HÀ NỘI — Nearly two in three married women, or almost 63 per cent, have experienced one or more forms of physical, sexual, emotional and economic violence and controlling behaviours by their husbands in their lifetime, and almost 32 per cent in the last 12 months, a study has found
The Second National Study on Violence Against Women which was conducted last year and the results were released on Tuesday in Hà Nội.
Việt Nam is the only country in the world which has conducted a second dedicated study specifically using a cross-culturally validated methodology developed by the World Health Organisation.
The study was managed by the Ministry of Labour, Invalids and Social Affairs, in collaboration with the General Statistics Office, with technical and financial support from the United Nations Population Fund (UNFPA) and Australia’s Department of Foreign Affairs and Trade.
The study aims to enable a better understanding of what has changed since the first study in 2010, as well as what has not, and what needs to be in place for strengthening gender equality and ending gender-based violence in Việt Nam.
Nearly 6,000 women aged 15 to 64 were interviewed, with results showing that in Việt Nam most of the violence against women is perpetrated by their husbands or partners.
Under the study, prevalence rates of all forms of violence against women by their husbands are slightly lower in 2019 than in 2010, except for rates of sexual violence. For instance, fewer women experienced physical violence by their husbands in their lifetime in 2019 – 26.1 per cent compared to 2010 – 31.5 per cent. This was more prominent among younger women.
However, more women reported experience of sexual violence by their husbands in their lifetime in 2019, which is 13.3 per cent, compared to 2010, which is 9.9 per cent. This was more prominent among younger women aged 18-24, which is 13.9 per cent in 2019 compared to 5.3 per cent in 2010.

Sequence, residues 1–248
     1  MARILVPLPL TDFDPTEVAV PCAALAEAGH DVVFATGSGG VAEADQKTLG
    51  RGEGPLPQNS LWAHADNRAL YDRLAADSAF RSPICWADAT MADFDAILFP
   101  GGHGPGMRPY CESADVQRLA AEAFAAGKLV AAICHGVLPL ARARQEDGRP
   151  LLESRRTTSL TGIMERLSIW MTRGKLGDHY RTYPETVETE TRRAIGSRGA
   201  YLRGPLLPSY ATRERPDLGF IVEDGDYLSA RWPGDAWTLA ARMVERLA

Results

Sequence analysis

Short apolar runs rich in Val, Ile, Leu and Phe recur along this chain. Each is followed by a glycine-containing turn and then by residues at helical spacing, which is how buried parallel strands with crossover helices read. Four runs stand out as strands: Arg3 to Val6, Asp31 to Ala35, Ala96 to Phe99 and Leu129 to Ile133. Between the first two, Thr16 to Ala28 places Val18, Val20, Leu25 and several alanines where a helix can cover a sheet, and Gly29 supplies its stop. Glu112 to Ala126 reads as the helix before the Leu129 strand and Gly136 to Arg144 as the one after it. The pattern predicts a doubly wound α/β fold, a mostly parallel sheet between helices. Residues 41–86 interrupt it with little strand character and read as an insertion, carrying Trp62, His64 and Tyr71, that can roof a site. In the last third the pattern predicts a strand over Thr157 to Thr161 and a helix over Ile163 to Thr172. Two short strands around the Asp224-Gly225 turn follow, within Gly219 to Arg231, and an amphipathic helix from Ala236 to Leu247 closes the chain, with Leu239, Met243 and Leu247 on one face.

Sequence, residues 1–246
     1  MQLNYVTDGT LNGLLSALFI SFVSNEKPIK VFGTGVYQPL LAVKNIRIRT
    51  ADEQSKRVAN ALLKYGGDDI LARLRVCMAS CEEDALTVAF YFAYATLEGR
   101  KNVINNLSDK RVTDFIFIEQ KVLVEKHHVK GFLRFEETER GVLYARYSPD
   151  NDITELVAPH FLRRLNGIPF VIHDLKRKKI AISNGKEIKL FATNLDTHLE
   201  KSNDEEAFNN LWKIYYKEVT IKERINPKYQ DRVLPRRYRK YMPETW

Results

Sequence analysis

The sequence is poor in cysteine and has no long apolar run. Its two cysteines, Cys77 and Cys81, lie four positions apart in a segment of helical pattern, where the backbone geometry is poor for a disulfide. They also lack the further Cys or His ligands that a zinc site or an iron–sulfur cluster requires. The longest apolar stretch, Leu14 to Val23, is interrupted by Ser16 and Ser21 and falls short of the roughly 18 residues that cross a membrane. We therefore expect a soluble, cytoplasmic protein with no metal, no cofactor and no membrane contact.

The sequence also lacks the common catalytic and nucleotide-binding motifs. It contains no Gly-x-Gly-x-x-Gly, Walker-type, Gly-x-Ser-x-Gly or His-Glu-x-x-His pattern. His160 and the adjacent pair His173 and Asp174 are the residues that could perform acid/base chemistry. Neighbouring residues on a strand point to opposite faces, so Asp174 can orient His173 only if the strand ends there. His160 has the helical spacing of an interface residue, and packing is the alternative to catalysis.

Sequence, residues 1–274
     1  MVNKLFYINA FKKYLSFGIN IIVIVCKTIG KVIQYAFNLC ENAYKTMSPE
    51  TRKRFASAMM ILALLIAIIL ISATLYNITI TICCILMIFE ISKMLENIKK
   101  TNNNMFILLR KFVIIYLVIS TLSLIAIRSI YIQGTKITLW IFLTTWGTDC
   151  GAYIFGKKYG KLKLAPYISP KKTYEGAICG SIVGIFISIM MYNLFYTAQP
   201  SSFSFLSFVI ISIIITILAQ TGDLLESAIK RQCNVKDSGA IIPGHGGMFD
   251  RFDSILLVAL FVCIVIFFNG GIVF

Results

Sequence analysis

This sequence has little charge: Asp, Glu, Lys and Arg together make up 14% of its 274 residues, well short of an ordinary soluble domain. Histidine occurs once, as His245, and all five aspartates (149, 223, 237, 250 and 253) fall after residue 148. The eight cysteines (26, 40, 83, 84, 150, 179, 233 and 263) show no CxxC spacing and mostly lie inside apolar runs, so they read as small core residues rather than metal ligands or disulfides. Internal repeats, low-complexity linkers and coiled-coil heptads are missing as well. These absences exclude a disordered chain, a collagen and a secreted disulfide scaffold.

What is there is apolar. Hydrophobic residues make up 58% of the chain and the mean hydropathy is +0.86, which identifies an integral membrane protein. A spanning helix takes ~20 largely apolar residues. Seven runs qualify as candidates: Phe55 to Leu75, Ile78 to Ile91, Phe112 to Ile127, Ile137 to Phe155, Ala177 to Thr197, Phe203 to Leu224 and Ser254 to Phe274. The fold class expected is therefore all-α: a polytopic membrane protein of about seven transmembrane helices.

Women with disabilities were more likely to experience all forms of violence by a husband than women without disabilities.
Further, 4.4 per cent of women indicated they had experienced child sexual abuse before the age of 15.
Violence against women has serious consequences on economic development, as well as physical and mental health and is estimated to cost Việt Nam’s national economy the equivalent of 1.8 per cent of GDP.
Nguyễn Thị Hà, Deputy Minister of Labour, Invalids and Social Affairs and also Deputy Chairwoman of the National Committee for the Advancement of Women in Việt Nam, said: "The percentage of women suffering from these forms of violence has decreased slightly. Positive change is clearly seen among young women who did not endure and showed their strength in fighting against violence."
Women who have higher education are less likely to experience violence. This shows that education is very important in helping women to be stronger, more confident and independent in life. However, many women are still vulnerable to violence. Violence against women remained hidden because gender stereotypes were still common in society.
“These shortcomings and challenges need to be thoroughly addressed by Government agencies as well as the socio-political organisations, non-governmental organisations and each citizen in society,” she said.
UNFPA Representative in Việt Nam Naomi Kitahara said: “No matter where violence happens, in what forms, or who it affects, it must be stopped.”
“Together, we should work to create a world where both women and men, and girls and boys, can enjoy a life free from violence. We commend Việt Nam for its commitment to achieving this vision,” she said.
Robyn Mudie, Australian Ambassador to Việt Nam, said: “We have supported this study because it leads us all to acknowledge just how many lives are affected by violence, coercive control and harassment.
"Each piece of data in this report represents the experience of a Vietnamese woman or girl, whether in their home, at work or in a public place. This report means that we hear them, we believe them, and we need to act,” she said. — VNS